Certain aspects of a neighborhood, including its ethnic diversity and the availability of public transit, are associated with better reported well-being among residents, according to a study published Wednesday in PLOS One.
Researchers used data from an existing survey called the Gallup-Sharecare Well-Being Index. From 2010 to 2012, more than 300,000 Americans were asked about their overall well-being, including how much they enjoyed their lives. They then cross-referenced people’s individual well-being scores to the counties where they resided, hoping to find if any of the over 70 community attributes they looked at were associated with higher scores.
Ultimately, they found certain factors were independently linked to higher well-being. Collectively, they accounted for 91 percent of the variation between people’s individual scores. These factors could be broken into four categories, from the demographics of a neighborhood to the average education of its residents.
Living in a county with a higher percentage of black residents, which the researchers used as a measure of ethnic diversity, was associated with greater well-being, as was living in a place where it was easier to commute to work via bike or public transit. Higher income, as you might expect, was similarly linked to a better outlook on life. But access to preventative healthcare was even more important: Greater well-being was associated with living in a neighborhood where women got more mammograms or with more federally funded community health centers. Many of these factors were also associated with reported greater life satisfaction.
The study is far from the first to find that where we live can influence our outlook on life, but the authors say theirs is one of the largest and most comprehensive of its kind.
“A strength of our study was that we included so many diverse factors from so many different community sectors,” lead author Britta Roy, an assistant professor of medicine and Director of Population Health at the Yale School of Medicine, told Gizmodo via email. “We used a robust, step-wise process to eliminate redundancy among these interrelated factors to isolate the ones that were independently correlated.”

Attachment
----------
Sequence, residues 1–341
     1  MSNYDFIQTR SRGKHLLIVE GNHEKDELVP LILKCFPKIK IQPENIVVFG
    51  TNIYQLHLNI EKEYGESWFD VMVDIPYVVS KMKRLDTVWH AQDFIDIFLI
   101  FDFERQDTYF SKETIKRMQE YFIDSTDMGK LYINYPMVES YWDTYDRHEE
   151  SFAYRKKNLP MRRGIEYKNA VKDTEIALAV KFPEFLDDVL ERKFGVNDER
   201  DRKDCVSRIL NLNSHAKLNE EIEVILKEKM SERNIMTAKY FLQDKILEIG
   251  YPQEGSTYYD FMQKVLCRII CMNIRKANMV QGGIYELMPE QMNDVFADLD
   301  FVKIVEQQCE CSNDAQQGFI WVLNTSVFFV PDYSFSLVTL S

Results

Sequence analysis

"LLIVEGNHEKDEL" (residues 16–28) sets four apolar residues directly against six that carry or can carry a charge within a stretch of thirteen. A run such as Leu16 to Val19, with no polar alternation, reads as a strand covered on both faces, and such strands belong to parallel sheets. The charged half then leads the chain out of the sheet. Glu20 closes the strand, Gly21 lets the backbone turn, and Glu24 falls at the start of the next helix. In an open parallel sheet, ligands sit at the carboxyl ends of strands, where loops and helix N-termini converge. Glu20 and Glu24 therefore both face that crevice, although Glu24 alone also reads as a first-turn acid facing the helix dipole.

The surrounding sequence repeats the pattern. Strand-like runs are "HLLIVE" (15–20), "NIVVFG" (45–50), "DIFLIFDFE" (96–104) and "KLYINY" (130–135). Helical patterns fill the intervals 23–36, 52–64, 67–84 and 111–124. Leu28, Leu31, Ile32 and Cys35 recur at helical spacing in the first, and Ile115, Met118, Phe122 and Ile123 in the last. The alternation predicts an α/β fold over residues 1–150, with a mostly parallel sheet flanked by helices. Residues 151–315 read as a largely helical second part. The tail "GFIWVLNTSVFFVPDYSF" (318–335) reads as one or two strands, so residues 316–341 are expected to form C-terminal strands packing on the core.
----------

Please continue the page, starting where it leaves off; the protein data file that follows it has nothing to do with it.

A greater sense of well-being isn’t just a matter of feeling good about your life, Roy noted. “Prior studies have shown that place matters for health and well-being,” she said. “Further, our research team at Yale previously reported that county-level well-being was associated with life expectancy.”
That said, the findings have their limitations. Namely, that these are only associations, not direct proof that living in a neighborhood with lots of bike lanes makes people’s lives better. “We were also limited to data available at the county level, which meant we were unable to include data on social factors as we had hoped to,” Roy said. These social factors could include the level of support people feel they have in their lives or how tolerant they are of other people’s cultures.
Still, Roy and her team believe their research points to ways that cities and states can make their communities healthier. All of the factors they looked at, such as the level of child poverty or people’s access to higher education, can be improved through collaborations with policymakers and public health experts, Roy noted. These improvements might include everything from laws and programs that reduce child poverty rates to the redesigning of cities to allow for more efficient public transit.